Abstract

David Onley is the Lieutenant Governor of Ontario. As the first Lieutenant Governor with a visible disability, Onley has committed to using his position to bring attention to issues that affect Ontario's 1.8 million people with disabilities, including, for example, accessibility and obstacles to employment and housing. As such, he has been a significant and effective leader in Ontario's efforts to raise the visibility and to reduce the stigma of disability by speaking regularly and consistently about a positive and more accurate rendering: that disabled workers are assets and contribute significantly to their workplaces, as well as to the larger communities of which they are a part. In this interview Onley reflects on his own workplace experiences, research that would add to the argument for greater inclusivity, and the challenges that lie ahead for those that would make Ontario's workplaces more accessible.

David Onley took the oath of office as Lieutenant Governor of Ontario on September 5, 2007. As the province's first Lieutenant Governor with a visible disability, Onley committed to using his position to bring attention to issues that affect Ontario's 1.8 million people with disabilities, including, for example, accessibility and obstacles to employment and housing. As such, he has been a significant and effective leader in Ontario's efforts to raise the visibility and to reduce the stigma of disability by speaking regularly and consistently about a positive and more accurate rendering: that disabled workers are assets and contribute significantly to their workplaces, as well as to the larger communities of which they are a part. He has supported many organizations and events including the Centre for Families, Work and Well-Being's first conference on Work and Disability which took place in the fall of 2011.

Throughout this interview, Onley's focus is on the importance of leadership and on inclusivity. He is clearly concerned that Canadians do not appear to fully understand what a valuable human resource they have in this community, which is particularly evident as he speaks of developing the business case for the employment of people with disabilities. While he is direct and articulate regarding obvious misconceptions about people with disabilities, what is a mystery to Onley is why this population sees high levels of unemployment persist year after year. For Onley the answer comes back to the important issue of leadership, illustrated by Canada's choice of national heroes Rick Hansen and Terry Fox, as well as the leadership exhibited by many in the entertainment sector. He concludes by emphasizing the role of business leaders in making the case for the employment of disabled workers to their own business communities. By supporting these leaders and other stakeholders in promoting the capacity of disabled workers, society has the best opportunity to achieve re-conceptualization, replacing images of the liability of employing disabled workers, with an appreciation of the assets and benefits of their full participation in the workplace.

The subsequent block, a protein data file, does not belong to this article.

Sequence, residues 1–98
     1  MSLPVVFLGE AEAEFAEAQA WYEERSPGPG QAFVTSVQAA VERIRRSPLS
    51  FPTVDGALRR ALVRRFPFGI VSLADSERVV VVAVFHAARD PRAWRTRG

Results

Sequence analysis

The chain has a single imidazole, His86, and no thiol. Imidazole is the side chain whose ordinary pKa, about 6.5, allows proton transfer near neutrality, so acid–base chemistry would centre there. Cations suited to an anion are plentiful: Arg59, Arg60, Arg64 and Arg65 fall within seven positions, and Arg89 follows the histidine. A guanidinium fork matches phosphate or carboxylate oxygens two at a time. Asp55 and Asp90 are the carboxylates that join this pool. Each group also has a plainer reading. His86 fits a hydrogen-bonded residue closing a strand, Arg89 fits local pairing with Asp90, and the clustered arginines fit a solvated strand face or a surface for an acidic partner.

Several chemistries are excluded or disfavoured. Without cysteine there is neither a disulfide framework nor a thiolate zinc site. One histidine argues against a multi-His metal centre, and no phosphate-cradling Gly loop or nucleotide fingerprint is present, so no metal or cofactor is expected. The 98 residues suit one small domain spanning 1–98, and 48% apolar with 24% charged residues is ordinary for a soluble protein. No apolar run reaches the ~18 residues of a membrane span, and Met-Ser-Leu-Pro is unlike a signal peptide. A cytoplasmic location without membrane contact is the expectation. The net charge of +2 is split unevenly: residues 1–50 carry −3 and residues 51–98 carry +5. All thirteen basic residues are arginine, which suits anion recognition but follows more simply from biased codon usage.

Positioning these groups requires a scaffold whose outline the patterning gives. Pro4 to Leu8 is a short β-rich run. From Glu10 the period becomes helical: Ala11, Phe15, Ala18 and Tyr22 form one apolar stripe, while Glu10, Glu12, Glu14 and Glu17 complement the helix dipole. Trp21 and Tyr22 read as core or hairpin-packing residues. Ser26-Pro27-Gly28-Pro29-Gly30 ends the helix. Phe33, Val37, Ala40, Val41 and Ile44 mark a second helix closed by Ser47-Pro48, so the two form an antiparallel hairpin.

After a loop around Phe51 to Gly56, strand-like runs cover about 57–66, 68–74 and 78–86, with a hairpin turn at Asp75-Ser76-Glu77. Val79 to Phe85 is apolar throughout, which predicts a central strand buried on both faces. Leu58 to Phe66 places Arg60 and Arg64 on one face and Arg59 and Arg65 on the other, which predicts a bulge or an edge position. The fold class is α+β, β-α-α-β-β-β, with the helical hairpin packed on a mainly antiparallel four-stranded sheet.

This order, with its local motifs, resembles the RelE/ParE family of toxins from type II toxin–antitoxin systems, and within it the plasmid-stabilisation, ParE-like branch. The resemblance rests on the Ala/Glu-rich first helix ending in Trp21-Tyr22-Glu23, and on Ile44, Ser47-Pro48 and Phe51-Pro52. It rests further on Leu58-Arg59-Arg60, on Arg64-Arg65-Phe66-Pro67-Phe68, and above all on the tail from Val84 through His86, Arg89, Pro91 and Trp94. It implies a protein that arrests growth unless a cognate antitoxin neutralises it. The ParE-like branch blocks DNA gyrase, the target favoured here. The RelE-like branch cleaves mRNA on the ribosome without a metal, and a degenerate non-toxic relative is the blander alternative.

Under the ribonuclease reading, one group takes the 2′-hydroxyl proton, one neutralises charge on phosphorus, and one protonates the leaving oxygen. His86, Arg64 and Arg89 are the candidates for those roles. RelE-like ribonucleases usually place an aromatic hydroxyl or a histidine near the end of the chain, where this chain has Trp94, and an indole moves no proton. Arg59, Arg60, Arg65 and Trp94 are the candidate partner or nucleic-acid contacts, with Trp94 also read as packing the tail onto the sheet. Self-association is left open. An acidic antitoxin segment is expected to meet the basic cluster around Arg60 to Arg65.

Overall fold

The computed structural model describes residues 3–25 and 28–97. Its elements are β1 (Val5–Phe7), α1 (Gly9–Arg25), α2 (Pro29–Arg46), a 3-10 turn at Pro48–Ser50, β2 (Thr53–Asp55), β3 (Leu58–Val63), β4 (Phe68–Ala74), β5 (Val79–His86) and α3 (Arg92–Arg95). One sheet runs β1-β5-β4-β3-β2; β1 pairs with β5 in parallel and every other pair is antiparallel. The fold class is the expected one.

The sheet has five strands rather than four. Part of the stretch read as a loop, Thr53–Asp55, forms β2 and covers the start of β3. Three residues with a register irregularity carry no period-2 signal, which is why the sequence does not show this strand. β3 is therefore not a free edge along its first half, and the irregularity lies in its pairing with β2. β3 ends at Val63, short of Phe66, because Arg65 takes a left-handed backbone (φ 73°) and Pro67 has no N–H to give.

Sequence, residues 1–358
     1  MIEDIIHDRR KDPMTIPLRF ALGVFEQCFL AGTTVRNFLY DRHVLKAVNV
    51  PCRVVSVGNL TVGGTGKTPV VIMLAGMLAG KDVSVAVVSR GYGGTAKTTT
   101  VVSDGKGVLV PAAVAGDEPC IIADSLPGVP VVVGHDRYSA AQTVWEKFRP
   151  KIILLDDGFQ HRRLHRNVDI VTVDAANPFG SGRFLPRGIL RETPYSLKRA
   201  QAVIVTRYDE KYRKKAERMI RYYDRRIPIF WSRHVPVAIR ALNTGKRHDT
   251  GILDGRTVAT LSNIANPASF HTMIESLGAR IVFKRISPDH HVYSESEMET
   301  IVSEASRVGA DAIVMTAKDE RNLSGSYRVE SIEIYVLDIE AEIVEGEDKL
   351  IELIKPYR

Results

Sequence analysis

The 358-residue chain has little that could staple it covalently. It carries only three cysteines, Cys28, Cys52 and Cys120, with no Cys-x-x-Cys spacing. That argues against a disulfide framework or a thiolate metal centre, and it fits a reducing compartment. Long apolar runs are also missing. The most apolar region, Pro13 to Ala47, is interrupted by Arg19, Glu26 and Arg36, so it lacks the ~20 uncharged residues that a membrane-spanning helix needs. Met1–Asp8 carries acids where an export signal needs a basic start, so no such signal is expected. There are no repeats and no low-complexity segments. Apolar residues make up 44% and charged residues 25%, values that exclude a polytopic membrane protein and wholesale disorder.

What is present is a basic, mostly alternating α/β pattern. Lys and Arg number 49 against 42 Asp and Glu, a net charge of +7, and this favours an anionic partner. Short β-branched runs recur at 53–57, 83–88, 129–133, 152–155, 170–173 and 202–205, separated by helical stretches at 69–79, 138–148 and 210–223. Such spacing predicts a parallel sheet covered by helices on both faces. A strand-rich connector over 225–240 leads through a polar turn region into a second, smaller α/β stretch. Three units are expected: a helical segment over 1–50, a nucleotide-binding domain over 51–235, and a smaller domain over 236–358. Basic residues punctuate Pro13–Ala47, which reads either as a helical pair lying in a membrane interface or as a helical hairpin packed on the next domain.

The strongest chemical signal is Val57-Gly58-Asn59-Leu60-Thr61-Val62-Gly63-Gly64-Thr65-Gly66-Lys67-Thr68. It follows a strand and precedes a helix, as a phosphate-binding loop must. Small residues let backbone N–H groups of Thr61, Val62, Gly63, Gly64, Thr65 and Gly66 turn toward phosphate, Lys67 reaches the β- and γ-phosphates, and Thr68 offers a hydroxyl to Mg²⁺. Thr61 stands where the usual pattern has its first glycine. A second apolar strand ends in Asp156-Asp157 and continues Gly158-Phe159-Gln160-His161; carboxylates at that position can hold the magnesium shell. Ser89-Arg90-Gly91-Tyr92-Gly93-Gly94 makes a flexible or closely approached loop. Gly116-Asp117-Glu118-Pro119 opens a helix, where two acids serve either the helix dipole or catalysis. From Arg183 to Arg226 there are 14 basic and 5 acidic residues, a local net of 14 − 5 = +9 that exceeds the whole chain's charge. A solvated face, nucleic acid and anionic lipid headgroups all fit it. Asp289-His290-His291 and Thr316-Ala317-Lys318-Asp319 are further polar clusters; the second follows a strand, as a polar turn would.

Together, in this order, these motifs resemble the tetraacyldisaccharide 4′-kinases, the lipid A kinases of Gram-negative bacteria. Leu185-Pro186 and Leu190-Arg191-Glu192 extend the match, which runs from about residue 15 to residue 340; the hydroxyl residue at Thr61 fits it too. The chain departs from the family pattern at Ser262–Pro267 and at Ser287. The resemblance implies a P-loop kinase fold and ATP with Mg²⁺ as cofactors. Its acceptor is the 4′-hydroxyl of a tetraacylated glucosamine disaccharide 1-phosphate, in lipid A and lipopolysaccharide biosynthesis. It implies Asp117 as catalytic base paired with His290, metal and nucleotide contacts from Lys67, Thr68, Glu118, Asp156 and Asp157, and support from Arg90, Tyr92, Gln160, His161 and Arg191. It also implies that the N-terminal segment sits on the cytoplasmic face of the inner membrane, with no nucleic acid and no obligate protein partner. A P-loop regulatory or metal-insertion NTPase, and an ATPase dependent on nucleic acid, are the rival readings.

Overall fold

C.P. Your Honour has a unique perspective on this issue given your current role. You have a visible disability and all of the life experience that entails, you advocate of behalf of people with disabilities, and you have a significant role in government which may bring with it some ability to influence from time to time.

D.O. It's an accurate description of my position. Not as well known because I've not really spoken about it…on a couple of occasions, but generally I have not. By virtue of being Lieutenant Governor, protocol demands that I not be involved in discussions of public policy as it pertains to partisan party positions. When someone calls up on a phone-in show, or sends a letter and says, "Well, we think monthly payments from the Ontario Disability Support Program should be changed to this and we want you to start talking about it," I can't do that because that is government policy. The opposition parties have their own policies on that particular issue, so I can't talk to the specifics. I can, however, talk to the general concepts and to the general overarching issues.

When I became Lieutenant Governor, one of the first things I had to determine was what social agenda I was going to follow as Lieutenant Governor. By virtue of the fact that I have a disability, it was clear in my mind from the outset that it was going to be accessibility related. But how do I express this to the general public? How do I talk to the people of Ontario and talk with the people of Ontario on an issue that affects 16 percent of the population, some 1.8 million people in the province of Ontario, without it being political?

C.P. And how do you advocate and not be political?

D.O. I follow the modeling of the Queen herself as well as recent Governor's General, but especially the Queen, in terms of doing symbolic representations to draw attention to issues related to accessibility. And then to speak in an overarching way, in a general philosophical way that still cause people to think. The Queen was really the first public figure who brought disabled people into the public upon becoming Queen in 1952 in terms of walkabouts. She was the one who began the process. Now, her father actually initiated it during the wars; he visited wounded veterans who were kept indoors, kept behind, shut away and then she changed that herself to include not just wounded veterans but anyone who had a disability.